Okay, so maybe the pudding was a little bit… chunky. I was keeping my hopes high as I let it cool and poured it into the ganache layered crust. I told myself it would be all better after the six hour setting period.
Alas, after six hours, it was totally runny. I let it chill a couple more hours. Still completely liquid. Not only was it totally runny and didn’t set at all, but it was full of curds. YUCK.
So, I dumped the homemade pudding out of the crust and wiped everything off my beautiful ganache layer. I proceeded to fill the pie crust with Jell-O butterscotch instant pudding.
Now THAT’S some good pudding.
Honestly, thank the lord for Jell-O instant pudding. It’s so unbelievably easy and requires two ingredients, one of them being the fackin’ pudding packet. If you make this recipe, I encourage you to try the homemade version, but honestly, there’s absolutely nothing wrong with opting for the Jell-O version.
After decorating with bananas and chocolate, per the recipe, it ending up looking a little something like this:
Maybe it doesn’t look quite as neat and pretty as the Bon Appetit version, but honestly, not bad, I think!
My dad and I promptly tried a piece, and both agreed it was super good! Also, extremely decadent and should be eaten in moderation. All in all, not a total fail! Well, maybe it was kind of a fail, but it was salvaged, at least.
When I fail at cooking, it cuts deep. It honestly hurts me on a level it probably shouldn’t. I want to be good at it. I want to make everything perfectly. To fail at something that they make look so easy is just… awful. When I fail at cooking, my immediate reaction is to just throw everything away, get rid of any evidence I even attempted to make something that turned out poorly.
I’m so glad I didn’t do that this time. There was still something good in the mess I created. This was fixable. I knew I couldn’t just throw away a crust made entirely out of Biscoff cookies!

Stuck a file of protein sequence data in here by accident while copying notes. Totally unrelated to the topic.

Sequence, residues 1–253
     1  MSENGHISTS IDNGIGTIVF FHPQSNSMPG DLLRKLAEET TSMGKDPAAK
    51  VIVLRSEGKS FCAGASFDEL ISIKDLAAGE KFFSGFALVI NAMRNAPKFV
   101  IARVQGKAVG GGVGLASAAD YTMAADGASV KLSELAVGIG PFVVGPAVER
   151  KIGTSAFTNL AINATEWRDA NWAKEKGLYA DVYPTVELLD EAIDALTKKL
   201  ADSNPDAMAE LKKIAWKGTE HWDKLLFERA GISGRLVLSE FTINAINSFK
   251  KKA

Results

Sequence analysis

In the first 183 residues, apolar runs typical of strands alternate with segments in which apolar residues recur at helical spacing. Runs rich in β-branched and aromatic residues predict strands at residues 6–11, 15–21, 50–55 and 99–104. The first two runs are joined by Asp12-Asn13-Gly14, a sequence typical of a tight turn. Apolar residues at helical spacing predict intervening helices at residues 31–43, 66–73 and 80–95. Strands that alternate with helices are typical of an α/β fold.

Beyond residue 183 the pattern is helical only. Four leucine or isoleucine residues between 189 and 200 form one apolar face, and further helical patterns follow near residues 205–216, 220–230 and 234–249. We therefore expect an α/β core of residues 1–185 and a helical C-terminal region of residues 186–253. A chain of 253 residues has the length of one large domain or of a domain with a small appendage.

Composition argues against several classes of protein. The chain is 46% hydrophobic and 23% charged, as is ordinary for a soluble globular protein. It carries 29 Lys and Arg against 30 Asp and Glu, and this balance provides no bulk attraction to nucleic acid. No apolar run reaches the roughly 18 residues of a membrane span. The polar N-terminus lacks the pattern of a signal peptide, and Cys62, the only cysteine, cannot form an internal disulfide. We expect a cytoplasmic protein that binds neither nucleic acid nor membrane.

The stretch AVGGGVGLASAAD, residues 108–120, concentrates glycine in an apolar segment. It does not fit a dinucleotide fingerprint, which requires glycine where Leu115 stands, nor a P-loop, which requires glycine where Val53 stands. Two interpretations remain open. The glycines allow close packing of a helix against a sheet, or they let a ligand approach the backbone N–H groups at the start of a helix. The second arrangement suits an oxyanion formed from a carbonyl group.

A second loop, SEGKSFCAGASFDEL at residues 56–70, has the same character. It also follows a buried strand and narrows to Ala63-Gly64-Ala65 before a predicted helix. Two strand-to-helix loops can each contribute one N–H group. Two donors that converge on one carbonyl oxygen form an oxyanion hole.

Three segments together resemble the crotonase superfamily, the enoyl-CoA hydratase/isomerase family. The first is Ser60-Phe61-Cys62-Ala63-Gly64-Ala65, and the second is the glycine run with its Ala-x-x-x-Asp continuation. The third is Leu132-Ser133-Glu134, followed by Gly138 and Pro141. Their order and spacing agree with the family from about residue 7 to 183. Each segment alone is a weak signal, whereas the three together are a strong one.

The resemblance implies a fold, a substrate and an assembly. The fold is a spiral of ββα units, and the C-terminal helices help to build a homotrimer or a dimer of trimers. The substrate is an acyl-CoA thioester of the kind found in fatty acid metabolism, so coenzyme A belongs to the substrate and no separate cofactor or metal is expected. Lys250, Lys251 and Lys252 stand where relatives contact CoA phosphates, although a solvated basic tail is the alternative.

So, yeah, I’m glad I made this, and I’m glad it’s good. It’s okay if my first attempt at pudding didn’t exactly pan out. At least Jell-O will always be there to catch me if I fall.
Before I go, I’m going to mention one quick thing. The recipe says the chocolate you use should be at least 64% cacao. So I got a bar of 70%. That shit was BITTER. If you like darker chocolate, like really dark, that’s fine, sure. But if you’re like me and want your chocolate sweet, do not use that high of a percent. The ganache part was okay, but the chocolate pieces on top were just wayyy too bitter. So maybe you could opt for dark chocolate for the ganache and milk chocolate for the garnish.
Are you a fellow lover of Biscoff cookies? Have you ever made homemade pudding? Let me know in the comments, and have a great day!
Pretty much on a daily basis, I get asked on social media whether there will ever be a sequel to [insert one of my books/series here]. To reduce the amount of typing that I have to do each time this is asked, I now present The Canonical Sequel FAQ, which will tell you — at a glance! — whether you can expect a sequel to whatever book it is that you are hoping to have a sequel to. This will be updated from time to time.